The Confession Backfired

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The first confession released by the Bush regime’s Military Tribunals — that of Khalid Sheikh Mohammed — has discredited the entire process. Writing in Jurist, Northwestern University law professor Anthony D’Amato likens Mohammed’s confession to those that emerged in Stalin’s show trials of Bolshevik leaders in the 1930s.

That was my own immediate thought. I remember speaking years ago with Soviet dissident Valdimir Bukovsky about the behavior of Soviet dissidents under torture. He replied that people pressed for names under torture would try to remember the names of war dead and people who had passed away. Those who retained enough of their wits under torture would confess to an unbelievable array of crimes in an effort to alert the public to the falsity of the entire process.

That is what Mohammed did. We know he was tortured, because his response to the obligatory question about his treatment during his years of detention is redacted. We also know that he was tortured, because otherwise there is no point for the US Justice (sic) Dept. memos giving the green light to torture or for the Military Commissions Act, which permits torture and death sentence based on confession extracted by torture.

Mohammed’s confession of crimes and plots is so vast that Katherine Shrader of the Associated Press reports that the Americans who extracted Mohammed’s confession do not believe it either. It is exaggerated, say Mohammed’s tormentors, and must be taken with a grain of salt.

In other words, the US torture crew, reveling in their success, played into Mohammed’s hands. Pride goes before a fall, as the saying goes.

Mohammed’s confession admits to 31 planned and actual attacks all over the world, including blowing up the Panama Canal and assassinating presidents Carter and Clinton and the Pope. Having taken responsibility for the whole ball of wax along with everything else that he could imagine, he was the entire show. No other terrorists needed.

Reading responses of BBC listeners to Mohammed’s confession reveals that the rest of the world is either laughing at the US government for being so stupid as to think that anyone anywhere would believe the confession or damning the Bush regime for being like the Gestapo and KGB.

Humorists are having a field day with the confession: "’I'm a very dangerous mastermind,’ said Mohammed, who confessed to the kidnapping of the Lindbergh baby, the Brink’s robbery, St. Valentine’s Day Massacre, and the Lincoln and McKinley assassinations. Mohammed also accepted responsibility for spreading hay fever and cold sores around the world and for rained out picnics."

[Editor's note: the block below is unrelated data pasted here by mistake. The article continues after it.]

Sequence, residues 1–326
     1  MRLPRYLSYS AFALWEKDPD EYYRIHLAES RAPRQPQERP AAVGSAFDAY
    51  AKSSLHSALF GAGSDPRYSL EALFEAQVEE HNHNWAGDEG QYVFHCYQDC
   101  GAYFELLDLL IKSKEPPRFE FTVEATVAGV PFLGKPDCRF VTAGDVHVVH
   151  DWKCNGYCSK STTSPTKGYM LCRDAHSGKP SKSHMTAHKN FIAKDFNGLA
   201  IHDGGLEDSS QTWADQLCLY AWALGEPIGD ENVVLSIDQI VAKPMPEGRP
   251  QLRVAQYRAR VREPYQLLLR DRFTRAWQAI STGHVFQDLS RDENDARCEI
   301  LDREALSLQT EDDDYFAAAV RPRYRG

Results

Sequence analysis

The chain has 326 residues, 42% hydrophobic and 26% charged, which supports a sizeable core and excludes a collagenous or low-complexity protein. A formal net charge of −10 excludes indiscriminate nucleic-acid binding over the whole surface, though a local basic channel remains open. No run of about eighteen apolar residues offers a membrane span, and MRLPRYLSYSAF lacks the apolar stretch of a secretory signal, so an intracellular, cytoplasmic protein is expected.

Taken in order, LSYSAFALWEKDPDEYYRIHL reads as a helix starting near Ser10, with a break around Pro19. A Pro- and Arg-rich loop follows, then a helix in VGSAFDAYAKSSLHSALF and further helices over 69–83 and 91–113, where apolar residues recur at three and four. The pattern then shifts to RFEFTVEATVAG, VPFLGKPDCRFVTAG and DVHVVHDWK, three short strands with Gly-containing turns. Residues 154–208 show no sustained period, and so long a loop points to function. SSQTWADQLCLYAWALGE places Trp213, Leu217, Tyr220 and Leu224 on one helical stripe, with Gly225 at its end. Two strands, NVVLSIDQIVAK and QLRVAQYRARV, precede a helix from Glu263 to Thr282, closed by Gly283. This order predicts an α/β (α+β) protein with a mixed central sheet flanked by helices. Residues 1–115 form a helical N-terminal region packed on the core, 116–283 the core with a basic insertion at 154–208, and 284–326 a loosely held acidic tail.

If there was anything remaining of the Bush regime not already discredited, Mohammed’s confession removed any reputation left.

The most important part of the Mohammed story is yet to make the headlines. Despite having held and tortured hundreds of detainees for years in Gitmo, and we don’t know how many more in secret prisons around the world, the US government has come up with only 14 "high value detainees."

In other words, the government has nothing on 99 percent of the detainees who allegedly are so dangerous and wicked that they must be kept in detention without charges, access to attorneys and contact with families.

And little wonder. The vast majority of detainees, alleged "enemy combatants," are not terrorists captured by the CIA and brave US troops. They are hapless persons who happened to be outside their tribal or home territories and were kidnapped by criminal gangs or war lords who profited greatly at the expense of the naive Americans who offered bounties for "terrorists."

The US government does not care that innocent people have been ensnared, because the US government desperately needs both to prove that there are vast numbers of terrorists and to demonstrate its proficiency in protecting Americans by capturing terrorists. Moreover, the US government needs "dangerous suspects" that it can use to keep Americans in a state of supine fearfulness and as a front behind which to undermine constitutional protections and the Bill of Rights.

The Bush-Cheney Regime succeeded in its evil plot, only to throw it all away by releasing the ridiculous confession by Khalid Sheikh Mohammed.

Will Bush’s totalitarian Military Tribunal now execute Mohammed on the basis of his confession extracted by torture, or would this be seen everywhere on earth as nothing but an act of murder?

If Bush can’t have Mohammed murdered, the US government will have to shut Mohammed away where he cannot talk and tell his tale. The US government will have to replicate Orwell’s memory hole by destroying Mohammed’s mind with mind-altering drugs and abuse.

It is to such depths that George Bush and Dick Cheney have lowered America.

Paul Craig Roberts [send him mail] wrote the Kemp-Roth bill and was Assistant Secretary of the Treasury in the Reagan administration. He was Associate Editor of the Wall Street Journal editorial page and Contributing Editor of National Review. He is author or coauthor of eight books, including The Supply-Side Revolution (Harvard University Press). He has held numerous academic appointments, including the William E. Simon Chair in Political Economy, Center for Strategic and International Studies, Georgetown University and Senior Research Fellow, Hoover Institution, Stanford University. He has contributed to numerous scholar journals and testified before Congress on 30 occasions. He has been awarded the U.S. Treasury’s Meritorious Service Award and the French Legion of Honor. He was a reviewer for the Journal of Political Economy under editor Robert Mundell. He is the co-author of The Tyranny of Good Intentions. He is also coauthor with Karen Araujo of Chile: Dos Visiones — La Era Allende-Pinochet (Santiago: Universidad Andres Bello, 2000).

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